As a villain, Orgodemir doesn’t really have much of a motivation or personality, or at least we don’t find out a whole lot about them. That’s common for the main villains in DQ games, although after some rather more complex characterization for Psaro in DQ4, it’s a little disappointing that they went back to mysterious ciphers in later installments. Like Angra Mainyu from Zoroastrianism and some conceptions of Satan, he opposes God and seeks to destroy creation just because it’s what he does. And this God, while powerful, hardly seems to be omnipotent. I mean, why would you need a ritual to revive the Almighty when he’s supposed to be, you know, almighty? But I don’t expect a video game to necessarily address theodicy that directly.

Anyway, Orgodemir (Orogu-Demira in Japanese, so “God” being part of his name was presumably a coincidence, although I’m sure someone noticed it) must have a lot of power to seal off entire continents like that, but in the end he can be destroyed by being stabbed enough times. In appearance, the Demon King is sort of a cross between a dragon and a centipede, with a giant head, three eyes, and an exposed brain. The big boss having multiple forms is only to be expected, but it’s strange that one of Orgodemir’s is a rather flamboyant humanoid one in tight clothes, sort of David Bowie with three eyes and large green wings.

After you finally vanquish this foe, the ending sequence has the Skystone automatically transport you to several locations where the people congratulate you and some plot threads are resolved. It’s a tradition in this series to be able to explore a bit after you’ve won and see what people might have to say, but it can be rather tedious trying to find the few who DO have something to say beyond a general message of thanks. The automatic transportation here streamlines this a bit. Then the hero finally goes out on a fishing trip with his father, marking his coming of age, even though you’d think he’d have already accomplished that multiple times over by saving the world. But then, he’s a little young to retire, so why not continue to be a productive member of society? It also comes back to the whole thing about your starting characters needing to mature.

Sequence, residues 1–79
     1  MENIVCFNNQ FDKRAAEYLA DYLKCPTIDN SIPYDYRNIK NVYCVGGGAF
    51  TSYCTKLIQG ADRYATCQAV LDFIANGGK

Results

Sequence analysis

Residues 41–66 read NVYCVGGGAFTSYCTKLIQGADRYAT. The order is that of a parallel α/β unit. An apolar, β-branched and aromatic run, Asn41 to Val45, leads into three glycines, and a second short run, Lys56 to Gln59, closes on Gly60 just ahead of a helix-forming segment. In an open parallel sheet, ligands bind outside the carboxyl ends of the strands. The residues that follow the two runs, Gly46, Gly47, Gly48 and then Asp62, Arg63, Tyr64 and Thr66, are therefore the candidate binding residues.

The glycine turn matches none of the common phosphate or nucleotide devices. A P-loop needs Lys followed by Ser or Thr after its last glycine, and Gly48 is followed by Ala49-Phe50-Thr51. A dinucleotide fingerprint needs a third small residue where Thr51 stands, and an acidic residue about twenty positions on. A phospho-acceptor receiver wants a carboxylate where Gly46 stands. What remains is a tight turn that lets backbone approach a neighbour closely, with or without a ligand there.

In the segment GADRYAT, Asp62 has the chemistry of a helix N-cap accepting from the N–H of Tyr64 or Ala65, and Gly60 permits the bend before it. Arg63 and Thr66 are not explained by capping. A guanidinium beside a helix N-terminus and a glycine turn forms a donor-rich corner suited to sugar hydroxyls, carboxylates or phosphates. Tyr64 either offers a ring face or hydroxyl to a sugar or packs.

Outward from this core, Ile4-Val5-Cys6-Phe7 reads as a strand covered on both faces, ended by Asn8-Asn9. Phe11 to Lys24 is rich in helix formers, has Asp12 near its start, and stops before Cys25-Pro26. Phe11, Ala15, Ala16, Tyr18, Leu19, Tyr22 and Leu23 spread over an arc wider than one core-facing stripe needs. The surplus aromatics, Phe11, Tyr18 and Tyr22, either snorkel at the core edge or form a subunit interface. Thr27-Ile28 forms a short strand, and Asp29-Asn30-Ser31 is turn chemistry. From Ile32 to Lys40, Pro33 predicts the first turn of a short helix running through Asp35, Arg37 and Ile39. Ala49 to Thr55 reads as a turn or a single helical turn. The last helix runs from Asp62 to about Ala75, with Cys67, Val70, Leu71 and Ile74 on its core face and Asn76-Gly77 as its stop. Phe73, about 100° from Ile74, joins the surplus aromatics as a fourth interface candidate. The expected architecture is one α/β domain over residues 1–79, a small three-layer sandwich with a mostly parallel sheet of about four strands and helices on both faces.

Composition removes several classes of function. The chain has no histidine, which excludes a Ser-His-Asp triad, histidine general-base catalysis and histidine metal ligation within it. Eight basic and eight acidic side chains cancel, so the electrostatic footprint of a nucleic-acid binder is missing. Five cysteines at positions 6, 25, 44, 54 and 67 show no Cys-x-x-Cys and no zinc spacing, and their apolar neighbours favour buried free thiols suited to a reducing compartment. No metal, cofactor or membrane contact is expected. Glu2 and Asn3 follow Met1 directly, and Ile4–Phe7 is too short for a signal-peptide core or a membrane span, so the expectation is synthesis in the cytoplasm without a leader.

I played the very beginning of DQ8 after finishing this one, and it was a pretty different experience. There’s voice acting, movement is no longer strictly based on an overhead view, and it starts in media res with your hero already traveling the world with companions. I’ve also played a bit of the remastered version of Day of the Tentacle on PC, so I’m not sure which game I’ll write about first. I’ve gotten into the habit of writing about a game after playing enough of it to get a general impression, then again when I’ve won or at least come as close to winning as I’m going to attempt for a while. I’m not always sure when is a good time to do the former, though.

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4 Responses to Orgodemir or Bust

  1. DrZock says:

    There’s a secret little easter egg hidden in the final boss’s name: If you go by the romanization of it as “Orgo Demira”, then you can see it as an rearrangement of “Demiorgos”, the demiurge, the concept of an omnipotent being that created the world, and Orgo Demira is an inversion of that: instead of making the world, he UNmakes it, splitting it up into a dozen little fragments and then sealing them away so they can never be made whole again.

    • Nathan says:

      That does make sense. To the Gnostics, the Demiurge was a flawed being who created the material world, but the term simply meant “creator” prior to that.

  2. Pingback: Saving the World While We’re Young | VoVatia